Another cold morning.

6:00am: my alarm began to ring, as it does every morning. With the same, sharp, piercing, repetitive and inordinately offensive tone, just like every other time.

An alarm was not needed, I was already awake, I had not yet slept. The shrill of my waking call left me to acknowledge that sleep was not to arrive, much to my displeasure. Groggy, I pulled the quilt off my body and took a glance out of the window; nothing much to see, a few slivers of movement between the closed curtains of the visible houses. Looking to my right, the forest was in clear view, adorning all the colours of Spring. The sound of the birds chirping and zooming from tree to tree made for a brief glimpse of the beauty in life.

Pulling myself away from the window and wrapping my dressing gown around my steadily weakening body, I had but one thing on my mind: satiating the cravings that assumed control long ago.

6:30am: I sat downstairs in the kitchen, shivering. The kettle was boiling away and the noise bore through my cranium. Once my coffee was made (three sugars, two scoops of whatever brand of instant coffee was on offer, and a liberal amount of milk), I set about rolling a cigarette and preparing the aluminium foil for my Junkie Breakfast. 120mg of Phenmet., and 375ug of my loving Lady Fentanyl. I opened the back door to allow some fresh air in – every particle felt ice-cold as it traversed my skin, goosebumps began to rise as my body demanded its exogenous opioid gift.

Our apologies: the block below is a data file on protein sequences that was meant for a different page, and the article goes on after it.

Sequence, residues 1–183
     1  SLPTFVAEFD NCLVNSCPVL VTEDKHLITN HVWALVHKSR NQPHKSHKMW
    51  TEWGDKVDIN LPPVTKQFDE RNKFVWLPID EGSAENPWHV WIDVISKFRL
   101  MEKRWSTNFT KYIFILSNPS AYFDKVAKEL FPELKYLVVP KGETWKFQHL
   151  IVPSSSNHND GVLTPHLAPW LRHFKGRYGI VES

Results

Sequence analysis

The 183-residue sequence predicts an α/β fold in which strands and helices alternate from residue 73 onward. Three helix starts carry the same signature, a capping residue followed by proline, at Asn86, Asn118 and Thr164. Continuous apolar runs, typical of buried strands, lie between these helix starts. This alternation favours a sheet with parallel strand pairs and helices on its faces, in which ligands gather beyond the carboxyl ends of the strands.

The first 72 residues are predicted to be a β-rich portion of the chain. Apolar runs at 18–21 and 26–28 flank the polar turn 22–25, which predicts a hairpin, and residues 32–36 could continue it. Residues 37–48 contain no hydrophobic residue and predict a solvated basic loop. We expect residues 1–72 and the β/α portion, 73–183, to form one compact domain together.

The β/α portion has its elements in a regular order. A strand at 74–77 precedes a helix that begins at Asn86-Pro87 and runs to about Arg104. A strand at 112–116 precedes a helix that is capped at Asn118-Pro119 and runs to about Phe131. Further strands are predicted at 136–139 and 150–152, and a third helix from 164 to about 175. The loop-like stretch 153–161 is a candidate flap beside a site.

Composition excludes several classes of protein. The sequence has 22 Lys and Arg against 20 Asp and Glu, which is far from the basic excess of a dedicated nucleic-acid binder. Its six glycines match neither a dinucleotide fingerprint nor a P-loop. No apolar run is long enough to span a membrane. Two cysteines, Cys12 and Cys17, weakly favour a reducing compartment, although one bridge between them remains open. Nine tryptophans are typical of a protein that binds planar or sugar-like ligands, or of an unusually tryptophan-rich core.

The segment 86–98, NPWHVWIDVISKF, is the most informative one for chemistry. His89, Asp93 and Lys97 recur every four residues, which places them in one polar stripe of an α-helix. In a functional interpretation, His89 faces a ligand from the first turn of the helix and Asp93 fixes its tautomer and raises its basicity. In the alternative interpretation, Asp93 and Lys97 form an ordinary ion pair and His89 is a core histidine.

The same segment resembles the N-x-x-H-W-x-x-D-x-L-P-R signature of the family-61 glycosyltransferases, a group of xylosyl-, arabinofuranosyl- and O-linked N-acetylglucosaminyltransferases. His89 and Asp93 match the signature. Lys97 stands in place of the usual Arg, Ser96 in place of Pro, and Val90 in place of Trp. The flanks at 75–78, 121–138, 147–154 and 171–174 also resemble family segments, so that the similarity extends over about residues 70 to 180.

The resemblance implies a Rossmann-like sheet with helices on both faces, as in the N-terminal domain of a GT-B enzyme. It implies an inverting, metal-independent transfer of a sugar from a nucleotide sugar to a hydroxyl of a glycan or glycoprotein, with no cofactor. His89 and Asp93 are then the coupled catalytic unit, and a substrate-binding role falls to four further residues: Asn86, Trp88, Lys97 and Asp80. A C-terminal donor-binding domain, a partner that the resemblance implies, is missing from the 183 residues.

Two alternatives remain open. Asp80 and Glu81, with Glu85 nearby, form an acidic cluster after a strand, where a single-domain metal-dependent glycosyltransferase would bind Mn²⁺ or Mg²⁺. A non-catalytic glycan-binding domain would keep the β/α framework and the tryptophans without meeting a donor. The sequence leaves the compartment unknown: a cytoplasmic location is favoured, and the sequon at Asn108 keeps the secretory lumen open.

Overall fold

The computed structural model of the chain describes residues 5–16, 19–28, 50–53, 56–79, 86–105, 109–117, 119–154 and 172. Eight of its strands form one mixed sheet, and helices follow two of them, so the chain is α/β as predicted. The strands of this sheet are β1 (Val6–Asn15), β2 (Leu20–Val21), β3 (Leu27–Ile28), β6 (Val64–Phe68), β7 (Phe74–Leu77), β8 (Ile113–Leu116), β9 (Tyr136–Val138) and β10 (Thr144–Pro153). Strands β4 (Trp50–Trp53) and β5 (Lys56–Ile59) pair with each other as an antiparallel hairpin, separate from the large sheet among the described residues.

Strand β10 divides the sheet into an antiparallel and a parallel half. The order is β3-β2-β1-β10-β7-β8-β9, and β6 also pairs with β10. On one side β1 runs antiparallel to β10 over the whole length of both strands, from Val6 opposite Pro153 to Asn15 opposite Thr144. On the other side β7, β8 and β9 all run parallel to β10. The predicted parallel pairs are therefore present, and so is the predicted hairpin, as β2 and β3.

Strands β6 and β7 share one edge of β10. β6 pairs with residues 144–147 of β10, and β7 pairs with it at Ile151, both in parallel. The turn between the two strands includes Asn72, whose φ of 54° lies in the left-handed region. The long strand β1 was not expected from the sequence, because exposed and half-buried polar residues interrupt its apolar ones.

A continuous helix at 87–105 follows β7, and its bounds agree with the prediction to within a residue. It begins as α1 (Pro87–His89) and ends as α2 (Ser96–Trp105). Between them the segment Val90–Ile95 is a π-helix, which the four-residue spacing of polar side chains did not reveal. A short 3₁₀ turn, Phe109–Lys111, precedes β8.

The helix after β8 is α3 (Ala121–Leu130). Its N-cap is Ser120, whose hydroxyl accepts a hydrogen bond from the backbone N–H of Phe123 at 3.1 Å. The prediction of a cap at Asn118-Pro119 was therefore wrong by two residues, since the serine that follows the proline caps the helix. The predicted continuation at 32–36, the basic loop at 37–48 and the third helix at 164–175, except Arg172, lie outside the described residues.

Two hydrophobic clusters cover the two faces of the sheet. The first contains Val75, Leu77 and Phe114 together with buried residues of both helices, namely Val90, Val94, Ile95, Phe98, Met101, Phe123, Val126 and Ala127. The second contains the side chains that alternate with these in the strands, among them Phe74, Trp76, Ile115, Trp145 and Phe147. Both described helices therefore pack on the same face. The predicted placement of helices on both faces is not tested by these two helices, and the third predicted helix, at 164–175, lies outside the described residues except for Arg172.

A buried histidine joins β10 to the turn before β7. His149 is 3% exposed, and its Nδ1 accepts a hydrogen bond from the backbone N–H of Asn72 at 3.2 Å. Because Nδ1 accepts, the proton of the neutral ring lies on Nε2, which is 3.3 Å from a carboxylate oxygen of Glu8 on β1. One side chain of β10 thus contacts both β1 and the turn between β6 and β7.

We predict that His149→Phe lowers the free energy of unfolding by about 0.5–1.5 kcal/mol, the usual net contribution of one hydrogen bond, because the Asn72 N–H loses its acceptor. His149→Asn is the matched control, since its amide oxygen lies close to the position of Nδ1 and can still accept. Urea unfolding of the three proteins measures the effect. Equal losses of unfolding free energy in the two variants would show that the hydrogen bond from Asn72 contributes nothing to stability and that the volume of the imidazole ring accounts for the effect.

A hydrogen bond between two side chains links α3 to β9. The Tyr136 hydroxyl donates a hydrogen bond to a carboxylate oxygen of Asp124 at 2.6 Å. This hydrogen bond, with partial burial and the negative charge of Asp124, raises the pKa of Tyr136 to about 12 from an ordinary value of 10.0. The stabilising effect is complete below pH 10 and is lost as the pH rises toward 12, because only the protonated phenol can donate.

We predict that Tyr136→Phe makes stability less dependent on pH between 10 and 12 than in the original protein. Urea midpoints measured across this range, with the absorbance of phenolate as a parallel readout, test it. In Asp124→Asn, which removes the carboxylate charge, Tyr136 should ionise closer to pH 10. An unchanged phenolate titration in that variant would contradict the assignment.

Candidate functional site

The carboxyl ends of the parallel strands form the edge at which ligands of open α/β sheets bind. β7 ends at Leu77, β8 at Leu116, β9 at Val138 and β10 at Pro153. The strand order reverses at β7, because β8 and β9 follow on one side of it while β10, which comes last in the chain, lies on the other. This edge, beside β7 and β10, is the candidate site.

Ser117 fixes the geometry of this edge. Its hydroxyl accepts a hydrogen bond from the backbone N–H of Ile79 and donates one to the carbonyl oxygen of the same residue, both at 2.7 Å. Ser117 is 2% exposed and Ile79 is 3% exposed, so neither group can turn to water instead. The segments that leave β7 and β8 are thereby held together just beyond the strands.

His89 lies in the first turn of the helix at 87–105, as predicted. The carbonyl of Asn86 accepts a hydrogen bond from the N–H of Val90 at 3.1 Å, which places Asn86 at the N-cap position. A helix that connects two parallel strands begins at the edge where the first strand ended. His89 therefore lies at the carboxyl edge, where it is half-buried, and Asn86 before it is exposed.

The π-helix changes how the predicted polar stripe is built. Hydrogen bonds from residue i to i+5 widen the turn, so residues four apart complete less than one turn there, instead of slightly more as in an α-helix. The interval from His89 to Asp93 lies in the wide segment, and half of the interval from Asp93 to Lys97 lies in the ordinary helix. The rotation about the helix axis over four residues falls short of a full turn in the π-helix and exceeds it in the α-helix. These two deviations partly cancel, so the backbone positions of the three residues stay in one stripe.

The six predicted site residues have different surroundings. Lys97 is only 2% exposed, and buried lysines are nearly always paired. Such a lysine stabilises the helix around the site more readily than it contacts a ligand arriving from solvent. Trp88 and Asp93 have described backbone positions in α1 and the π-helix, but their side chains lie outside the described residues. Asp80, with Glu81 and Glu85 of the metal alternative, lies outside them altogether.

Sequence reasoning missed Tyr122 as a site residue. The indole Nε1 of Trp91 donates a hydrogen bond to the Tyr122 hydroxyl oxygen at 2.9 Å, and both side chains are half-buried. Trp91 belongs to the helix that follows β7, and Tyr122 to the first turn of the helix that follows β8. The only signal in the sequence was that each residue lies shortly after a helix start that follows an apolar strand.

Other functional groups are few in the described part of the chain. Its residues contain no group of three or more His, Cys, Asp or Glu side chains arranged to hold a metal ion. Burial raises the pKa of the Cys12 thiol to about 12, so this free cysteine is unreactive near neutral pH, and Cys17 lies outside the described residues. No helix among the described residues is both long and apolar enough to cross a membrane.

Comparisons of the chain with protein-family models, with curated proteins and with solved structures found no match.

Alternating drags of the cigarette with “toots” from the narcotic-imbued foil, a sense of relief washed over me. The cravings were gone. My body transformed from a state of withdrawal to a state I much prefer: that of a man with the confidence and euphoria only a powerful stimulant can give, mixed with the absolute bliss resulting from endogenous Morphine flooding my circulatory system.

That was, what is often termed, “the rush” – the rapid, overwhelming flood of neurotransmitter-induced changes in perception. It is the rush that keeps many in the grasps of addiction. Like a drag race car: starting from a static position and rapidly accelerating to maximum speed. For a Junkie; starting in withdrawal and rapidly accelerating toward the absolute peak of euphoria.

During the rush, I am invincible. I could climb mountains and conquer armies. But at the same time, I simply have no desire to. The world is meaningless, I simply cannot care, I am apathetic and comfortable. I am in Nirvana.

Such is the pull of “speedballing” – two polar opposite states combined into one, ultimately fleeting, flood of euphoria.


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